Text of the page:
Please Note: This Article is 5 years old. This increases the likelihood that some or all of it's content is now outdated.

 Japanese Knotweed:

Many landlords are familiar with Japanese Knotweed and the menace that the plant poses for property owners.

Typically, the plant is in full bloom in the summer and is characterised by its unusual zig zag stem growth, its heart shaped leaves and its white clustered flowers. The stems are one of the defining features of the plant and when the stems are split open the stems appear hollow.

In the winter (see image below) the leaves and flowers die back but the zig-zag shaped stems remain. What makes the plant special is its hardiness and its resistance to attempts at removal or treatment. The disposal of the plant away from the contaminated land can now only be carried out by licensed removal contractors at licenced landfill sites.

Individuals who find themselves in the unenviable position of having Japanese Knotweed on their land will find that sellers are put off from purchasing the land without a formal treatment plan in place.

Mortgage lenders have also been historically unwilling to lend when there is a presence of Japanese Knotweed on the mortgaged property’s land. Seller’s are obliged to notify prospective purchasers of the existence of Japanese Knotweed on the land of the Property being sold at question 7.8 on the Seller’s Property Information Form (known as form TA6).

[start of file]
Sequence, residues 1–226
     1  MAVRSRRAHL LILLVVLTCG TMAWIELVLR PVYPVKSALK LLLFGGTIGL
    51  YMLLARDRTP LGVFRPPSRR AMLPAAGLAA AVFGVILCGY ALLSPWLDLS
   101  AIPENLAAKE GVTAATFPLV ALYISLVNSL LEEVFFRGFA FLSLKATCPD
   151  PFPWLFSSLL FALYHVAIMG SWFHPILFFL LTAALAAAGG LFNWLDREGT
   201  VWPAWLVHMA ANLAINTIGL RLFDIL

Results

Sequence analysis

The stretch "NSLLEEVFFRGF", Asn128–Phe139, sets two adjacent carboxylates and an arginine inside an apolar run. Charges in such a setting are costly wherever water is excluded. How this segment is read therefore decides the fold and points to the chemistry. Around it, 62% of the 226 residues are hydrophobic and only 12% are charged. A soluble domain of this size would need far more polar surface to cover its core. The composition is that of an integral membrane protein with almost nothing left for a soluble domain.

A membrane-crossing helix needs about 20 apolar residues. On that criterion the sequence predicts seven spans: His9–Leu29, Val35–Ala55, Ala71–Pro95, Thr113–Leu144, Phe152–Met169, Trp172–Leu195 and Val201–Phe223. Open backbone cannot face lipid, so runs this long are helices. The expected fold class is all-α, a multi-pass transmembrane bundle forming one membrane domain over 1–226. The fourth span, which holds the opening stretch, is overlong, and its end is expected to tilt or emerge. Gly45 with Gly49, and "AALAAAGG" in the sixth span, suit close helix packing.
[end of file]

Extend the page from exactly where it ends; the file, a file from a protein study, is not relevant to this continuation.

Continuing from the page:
The plant has been the subject of fierce litigation in 2017 and the Cardiff County Court found in favour of two property owners who lived next to a railway track controlled by Network Rail. Japanese Knotweed was found to be growing on the land that was controlled by Network Rail and that the presence of the Japanese Knotweed had had a detrimental impact on the value of neighbouring properties (i.e. the properties owned by Waistell and Williams).

In February 2017 the Cardiff County Court gave its decision in the joined case of Williams v Network Rail Infrastructure Ltd [2017] UK CC (the case is also known as Waistell v Network Rail Infrastructure Ltd). Network Rail was ordered to compensate the Claimants and the Judgment awarded the Claimants’ the cost of the knotweed surveys, treatment programmes, insurance backed guarantees, the diminution in the value of the Claimants’ properties after the treatment had occurred and general damages for loss of amenity and interference with quiet enjoyment.

Since that decision Network Rail have appealed to the Court of Appeal in Central London and a further hearing looks set to be heard in 2018.

When the case is finally heard by the Court of Appeal we will be able to answer questions that arise in Japanese Knotweed disputes, namely:

  1. Does the presence of Japanese Knotweed on a neighbouring property’s land constitute an actionable interference? (i.e. even where there is no physical damage to the claimant’s property)
  2. What should the appropriate levels of compensation be in these cases? (diminution in property value, damages for loss of amenity and interference with quiet enjoyment)

The Plant in Winter

What is clear is that the days of allowing these non-native, invasive plants to grow unchecked on land are over. If you live next to a neighbour who is allowing Japanese Knotweed to grow on their land, you need to contact specialist Japanese Knotweed Solicitors get clear guidance on the advisable course of action.

Author – Tom Lathom of Summerfield Browne

Please Note: This Article is 5 years old. This increases the likelihood that some or all of it's content is now outdated.



Please enter your comment!
Please enter your name here